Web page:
Small-Cap Investors: Time to Listen More Closely

Associate Director, Research

Last year, we touched on a Federal Reserve (Fed) financial stability report that highlighted elevated corporate leverage as a vulnerability to the financial system. Following that report, the Fed hiked rates in December and signaled further rate hikes for 2019.


You can be excused for shrugging this off. If the economy were in trouble, why would the Fed be raising rates?


But with the Fed officially putting further rate hikes on hold for 2019 and publicly acknowledging some softness in the global economy, it may be time asset allocators listen more closely to such misgivings.


Take, for instance, a statement on March 20 by Fed Chairman Jerome Powell at a conference on financial markets in Fernandina Beach, Florida: “Business debt has clearly reached a level that should give businesses and investors reason to pause and reflect.”1


This statement does not reveal some new finding by Chairman Powell and the Fed. They have been expressing this sentiment for some time now.


But perhaps the judgment may carry more weight now than it did just six or seven months ago.


Greater Leverage, Greater Down Capture


Small caps are one of the market segments we have been highlighting as the most at threat to potentially increasing debt loads. To be clear, increasing debt is a normal business-cycle process that takes place as borrowers and lenders get more confident in their ability to repay and get repaid on loans. And corporate treasurers may have been capitalizing on this era of low interest rates to readjust capital structures.


We also know that typically companies that have the highest debt burdens are more acutely exposed to a deceleration in the economy. To measure this, we dissected the interest-paying Russell 2000 Index constituents by their interest coverage ratios (earnings before interest and taxes over interest expense).


Between August 31 and the bottom of last year’s sell-off on December 24—a period when the Russell 2000 Index was down over 20%—the most indebted quintile of companies based on interest coverage ratios plus companies with negative coverage ratios were down 27.81% and 31.78%, respectively.


That performance compares to those companies in the top quintile of coverage ratios that returned -23.24%.


Russell 2000 Performance by Interest Coverage Ratio Categories


Cumulative Returns During 2018 Drawdown (8/31/18–12/24/18)

Cumulative Returns During 2018 Drawdown_Russell 2000 Index


It appears that during the sell-off—when global macro conditions were signaling a slowdown—investors responded by more aggressively dumping the shares of companies with the greatest debt burdens relative to their higher-quality peers.


What could this performance mean for investors going forward?


While the Russell 2000 Index has about 13% of its weight in companies with negative interest coverage ratios (sometimes referred to as “zombie companies”), we also think small caps broadly can profit from a still-growing domestic economy with reduced exposure to the headline risks of a trade war (think China targeting mega-caps like Apple2).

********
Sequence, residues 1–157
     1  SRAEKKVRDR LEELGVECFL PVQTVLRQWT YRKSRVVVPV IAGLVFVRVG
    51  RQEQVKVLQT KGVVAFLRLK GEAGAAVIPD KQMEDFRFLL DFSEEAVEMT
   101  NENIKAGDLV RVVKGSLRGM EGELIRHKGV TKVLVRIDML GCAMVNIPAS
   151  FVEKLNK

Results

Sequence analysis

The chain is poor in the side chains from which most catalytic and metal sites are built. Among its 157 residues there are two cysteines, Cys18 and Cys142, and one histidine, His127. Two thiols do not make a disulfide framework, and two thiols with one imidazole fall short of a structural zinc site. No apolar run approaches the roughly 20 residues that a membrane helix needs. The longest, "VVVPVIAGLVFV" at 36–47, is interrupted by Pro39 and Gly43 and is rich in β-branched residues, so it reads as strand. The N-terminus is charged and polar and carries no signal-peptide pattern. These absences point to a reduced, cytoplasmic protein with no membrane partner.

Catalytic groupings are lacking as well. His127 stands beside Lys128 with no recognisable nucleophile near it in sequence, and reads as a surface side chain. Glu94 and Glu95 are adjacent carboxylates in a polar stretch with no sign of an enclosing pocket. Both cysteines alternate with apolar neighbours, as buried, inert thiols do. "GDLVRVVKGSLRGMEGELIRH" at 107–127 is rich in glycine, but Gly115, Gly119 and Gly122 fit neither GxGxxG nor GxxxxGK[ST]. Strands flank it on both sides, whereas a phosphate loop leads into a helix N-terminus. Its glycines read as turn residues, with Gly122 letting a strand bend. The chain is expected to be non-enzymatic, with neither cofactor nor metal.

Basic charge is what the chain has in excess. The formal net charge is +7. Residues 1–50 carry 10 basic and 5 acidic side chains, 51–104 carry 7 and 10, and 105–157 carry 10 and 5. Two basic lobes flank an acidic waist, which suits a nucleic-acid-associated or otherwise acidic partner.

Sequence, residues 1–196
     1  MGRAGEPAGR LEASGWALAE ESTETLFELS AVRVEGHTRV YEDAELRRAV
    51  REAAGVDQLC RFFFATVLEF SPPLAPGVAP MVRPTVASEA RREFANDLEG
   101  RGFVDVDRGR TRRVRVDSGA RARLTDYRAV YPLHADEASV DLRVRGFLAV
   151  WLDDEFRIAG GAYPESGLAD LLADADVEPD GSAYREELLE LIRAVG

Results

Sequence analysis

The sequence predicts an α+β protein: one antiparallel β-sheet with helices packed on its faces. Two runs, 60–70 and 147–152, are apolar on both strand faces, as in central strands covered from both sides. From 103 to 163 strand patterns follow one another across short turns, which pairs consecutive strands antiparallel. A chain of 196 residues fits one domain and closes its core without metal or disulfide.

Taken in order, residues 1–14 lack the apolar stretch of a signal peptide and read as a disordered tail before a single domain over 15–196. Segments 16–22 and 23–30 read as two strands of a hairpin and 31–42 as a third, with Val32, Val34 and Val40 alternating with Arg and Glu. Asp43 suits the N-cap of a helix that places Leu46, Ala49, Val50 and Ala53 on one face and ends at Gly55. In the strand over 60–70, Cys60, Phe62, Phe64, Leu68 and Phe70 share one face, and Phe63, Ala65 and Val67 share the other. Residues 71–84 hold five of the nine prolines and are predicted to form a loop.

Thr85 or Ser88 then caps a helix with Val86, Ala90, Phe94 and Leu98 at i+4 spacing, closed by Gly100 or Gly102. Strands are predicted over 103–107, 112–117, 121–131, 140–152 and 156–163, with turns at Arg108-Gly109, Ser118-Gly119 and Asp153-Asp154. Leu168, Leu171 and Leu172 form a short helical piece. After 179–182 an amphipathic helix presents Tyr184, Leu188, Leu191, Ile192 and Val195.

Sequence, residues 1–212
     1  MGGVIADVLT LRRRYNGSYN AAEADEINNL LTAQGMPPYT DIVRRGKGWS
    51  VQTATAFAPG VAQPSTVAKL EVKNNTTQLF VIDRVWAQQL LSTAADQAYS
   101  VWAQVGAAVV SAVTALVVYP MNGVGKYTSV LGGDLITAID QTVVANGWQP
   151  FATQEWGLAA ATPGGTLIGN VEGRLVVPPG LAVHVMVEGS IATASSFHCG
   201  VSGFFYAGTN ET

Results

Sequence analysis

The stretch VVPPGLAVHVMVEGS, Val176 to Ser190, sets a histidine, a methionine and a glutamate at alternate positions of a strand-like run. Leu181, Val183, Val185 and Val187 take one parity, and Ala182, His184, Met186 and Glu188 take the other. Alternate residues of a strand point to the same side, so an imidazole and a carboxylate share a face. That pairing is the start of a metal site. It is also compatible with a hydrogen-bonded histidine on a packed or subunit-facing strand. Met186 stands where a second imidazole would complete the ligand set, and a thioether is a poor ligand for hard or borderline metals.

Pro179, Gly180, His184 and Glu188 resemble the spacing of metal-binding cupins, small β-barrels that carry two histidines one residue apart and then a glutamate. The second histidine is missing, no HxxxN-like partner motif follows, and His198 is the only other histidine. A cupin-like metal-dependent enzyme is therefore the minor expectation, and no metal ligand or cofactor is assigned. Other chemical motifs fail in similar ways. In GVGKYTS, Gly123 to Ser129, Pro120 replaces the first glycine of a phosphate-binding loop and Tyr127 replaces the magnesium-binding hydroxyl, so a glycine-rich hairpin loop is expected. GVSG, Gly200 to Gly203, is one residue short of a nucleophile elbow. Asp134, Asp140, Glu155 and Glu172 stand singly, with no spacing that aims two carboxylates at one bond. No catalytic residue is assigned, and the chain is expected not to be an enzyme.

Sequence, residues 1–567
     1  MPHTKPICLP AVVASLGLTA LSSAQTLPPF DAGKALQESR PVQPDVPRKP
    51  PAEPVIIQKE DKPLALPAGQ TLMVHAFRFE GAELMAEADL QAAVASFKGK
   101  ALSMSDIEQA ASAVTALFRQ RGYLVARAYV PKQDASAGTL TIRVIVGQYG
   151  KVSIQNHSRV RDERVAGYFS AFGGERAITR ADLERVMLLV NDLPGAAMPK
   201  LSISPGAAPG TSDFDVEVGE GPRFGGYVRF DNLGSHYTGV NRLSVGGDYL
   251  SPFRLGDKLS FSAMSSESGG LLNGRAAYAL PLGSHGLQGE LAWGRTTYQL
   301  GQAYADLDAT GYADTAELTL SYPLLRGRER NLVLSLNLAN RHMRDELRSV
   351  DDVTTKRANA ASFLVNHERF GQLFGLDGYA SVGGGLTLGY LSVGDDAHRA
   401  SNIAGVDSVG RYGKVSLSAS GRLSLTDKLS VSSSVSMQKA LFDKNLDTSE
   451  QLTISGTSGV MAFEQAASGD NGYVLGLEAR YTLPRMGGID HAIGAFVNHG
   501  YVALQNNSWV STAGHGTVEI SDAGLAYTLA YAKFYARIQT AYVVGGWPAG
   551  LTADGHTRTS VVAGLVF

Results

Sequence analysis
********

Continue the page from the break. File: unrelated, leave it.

In sum, for investors looking for a way to reduce volatility within small-cap allocations, we think now is the time to move up the quality spectrum.


Higher-leverage peers are likely to offer better returns during a strong market climb, like the rebound to start this year, but we think the present later stage of the cycle favors a tilt away from such companies.


WisdomTree Small-Cap Exposures


WisdomTree offers three domestic small-cap Funds: the WisdomTree U.S. SmallCap Quality Dividend Growth Fund (DGRS), the WisdomTree U.S. SmallCap Dividend Fund (DES) and the WisdomTree U.S. SmallCap Fund (EES).


Each Fund offers higher interest coverage ratios than the Russell 2000 Index, mainly by reducing exposure to negative earners through a fundamental screening process, and each provided relative downside protection during last year’s sell-off.


Cumulative Returns During 2018 Drawdown (8/31/18–12/24/18)

Cumulative Returns During 2018 Drawdown

For standardized performance of DES, DGRS and EES, please click the respective ticker.





1Andrew Ackerman and Nick Timiraos, “Fed Chairman Powell Warns of Economic Risks from Rising Business Debt,” The Wall Street Journal, 5/20/19.

2As of 5/31/19, DES, DGRS and EES hold 0% of APPL

Important Risks Related to this Article

There are risks associated with investing, including possible loss of principal. Funds focusing their investments on certain sectors and/or smaller companies increase their vulnerability to any single economic or regulatory development. This may result in greater share price volatility. Please read each Fund’s prospectus for specific details regarding the Fund’s risk profile.

For more investing insights, check out our Economic & Market Outlook


About the Contributor
Associate Director, Research
Matt Wagner joined WisdomTree in May 2017 as an Analyst on the Research team. In his current role as an Associate Director, he supports the creation, maintenance, and reconstitution of our indexes and actively managed ETFs. Matt started his career at Morgan Stanley, working as an analyst in Treasury Capital Markets from 2015 to 2017 where he focused on unsecured funding planning, execution and risk management. Matt graduated from Boston College in 2015 with a B.A. in International Studies with a concentration in Economics. In 2020, he earned a Certificate in Advanced Valuation from NYU Stern. Matt is a holder of the Chartered Financial Analyst designation.